Monday, November 30, 2015

Find It Yourself


We all do it.

Each of us in our own way uses labels. We label people we meet or see every day ... like the old woman in line at the grocery store buying cases of cat food ("lonely") or the kid who whines about everything ("spoiled") or the guy running for President with the comb over ("narcissist").

We can't help it. I think that it somehow helps us keep our sanity to put labels on things. I might label something differently than you or we might have multiple labels for the same thing. We could both be listening to the same Celine Dion song and you might say "beautiful" and I might say ... wait a minute ... I wouldn't be listening to Celine Dion.

If you are really organized, like my wife Debbie, labels are in your DNA. Just about everything in our house is labeled and categorized. A couple of weeks ago, Debbie organized the bathroom cabinets into interesting containers:
1. Eye (not kidding)
2. Ointment (you don't want to know)
3. Bandaid (this makes sense ... different sizes)
4. Toothpaste, toothbrush, floss, etc. (really? that many toothbrushes and toothpastes and flosses?)
5. Surplus items (this was my favorite because it really was everything else that you would look for in the bathroom if you didn't cut yourself, stab yourself in the eye or need an immediate tooth cleaning with new dental products.)

But what do I know? I can't ever find anything I need, I don't label stuff and I'm perfectly happy using my tried and true method:

"Debbie ... do you know where the _______ is?"    

Saturday, November 21, 2015

Miss You Man

Happy birthday, Wayne.

Lots of changes since we last talked. Dad died last year. You probably knew that. I imagine that you've run into him up there. (He is up there isn't he?) I was always impressed with how much patience you had with him ... more than I did. And with mom too. Hey, do they get along up there? Are you keeping things under control?

This past year, Deb and I took Mom and Dad back to New Orleans. You would have enjoyed it. Went to all their favorite spots and then left their remains in Lake Pontchartrain (where they always wanted to live  and ... as you know... could never afford it.)

Your nieces and nephew miss you.  You'd be so proud of them.

Josh (who looks more and more like you as he gets older) gets married at the end of the year. He and Theresa tie the knot on New Years Eve. Cool huh? It's a small wedding ... just family and their friends. He's working for the Rays, by the way, and loving it.    

Alissa and her husband Nate moved from DC to St. Pete. They just closed on a house a few blocks from us now. She's working for WellCare as the state wide communications director.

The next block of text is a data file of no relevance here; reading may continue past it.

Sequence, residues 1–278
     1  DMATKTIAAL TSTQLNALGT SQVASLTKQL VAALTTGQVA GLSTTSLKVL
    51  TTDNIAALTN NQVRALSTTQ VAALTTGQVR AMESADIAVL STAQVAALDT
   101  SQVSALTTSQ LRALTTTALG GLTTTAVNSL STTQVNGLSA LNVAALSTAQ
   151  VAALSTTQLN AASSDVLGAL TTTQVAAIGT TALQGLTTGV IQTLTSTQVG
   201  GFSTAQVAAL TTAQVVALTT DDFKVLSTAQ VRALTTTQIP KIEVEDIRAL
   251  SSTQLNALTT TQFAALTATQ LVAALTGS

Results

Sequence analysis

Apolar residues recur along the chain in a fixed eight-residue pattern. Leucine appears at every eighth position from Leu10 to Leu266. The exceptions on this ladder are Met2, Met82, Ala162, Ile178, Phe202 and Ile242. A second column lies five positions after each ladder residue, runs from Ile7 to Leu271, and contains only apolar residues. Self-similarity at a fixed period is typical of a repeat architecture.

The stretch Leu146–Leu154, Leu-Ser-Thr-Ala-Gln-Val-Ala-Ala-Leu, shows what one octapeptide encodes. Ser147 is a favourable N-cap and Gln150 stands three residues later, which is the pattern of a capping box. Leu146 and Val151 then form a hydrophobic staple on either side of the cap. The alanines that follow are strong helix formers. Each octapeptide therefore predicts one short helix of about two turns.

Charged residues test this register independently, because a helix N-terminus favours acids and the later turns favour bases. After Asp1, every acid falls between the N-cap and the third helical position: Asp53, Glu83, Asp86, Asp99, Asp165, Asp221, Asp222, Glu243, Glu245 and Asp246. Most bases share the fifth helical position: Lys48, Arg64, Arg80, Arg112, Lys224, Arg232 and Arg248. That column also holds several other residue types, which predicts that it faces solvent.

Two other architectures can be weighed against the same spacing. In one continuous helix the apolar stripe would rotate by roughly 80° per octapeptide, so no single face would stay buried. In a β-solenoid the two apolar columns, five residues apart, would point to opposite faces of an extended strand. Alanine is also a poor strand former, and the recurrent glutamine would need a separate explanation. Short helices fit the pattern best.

And Nikki has a new baby ... Grace. What a cutie! Four months old and sharing the love with her big brother Cole who just turned two. Nikki is now a partner in her Internal Med practice in Savannah. She and hubby Steven also just bought a beautiful house. We will see them all on Thanksgiving.


Hard to believe you've been gone for 20 years. Miss you Wayne. Not a day goes by that I don't think about you.  

Wednesday, November 11, 2015

Allen Toussaint Remembered

We lost another musical giant yesterday.

Allen Toussaint (that's "too-sant" for the Non Orleanians) died in Madrid from a heart attack after a concert. He was only 77 years old.

Born and raised in New Orleans, Toussaint was one of the best known performers, writers and personalities in the city. He worked for my Uncle Smitty at Minit Records in the 60s. That's when I knew him. I was just 10 then and used to hang out at his house and play on his upright piano. He lived down the street from us in an old shotgun house. Every day, people were there playing, singing on the porch and telling jokes. Irma Thomas, Benny Spellman, Ernie K-Doe, Lee Dorsey ... I was in awe. I had NO IDEA that I was in the middle of greatness all around me and not one of them ever made me feel like the stupid kid that I was. They were all encouraging as I plunked away on the piano.

Just in case you never heard of him, here's a partial list of what he wrote:

"Working in the Coal Mine" for Lee Dorsey
"Right Place. Right Time" for Dr. John
"Mother In- Law" for Ernie K-Doe
"Ruler of My Heart" and "It's Raining"  for Irma Thomas
"Fortune Teller" for Benny Spellman
"Southern Nights" for Glenn Campbell            

He also wrote for and produced with Elvis Costello, Paul McCartney and Bonnie Raitt among hundreds of others. Every year he played at the Jazz and Heritage Festival until Katrina destroyed his house and most of his manuscripts. He moved to New York for a while and then came back home a few years ago.

He was in the Right Place ... at the Right Time ... for yours truly.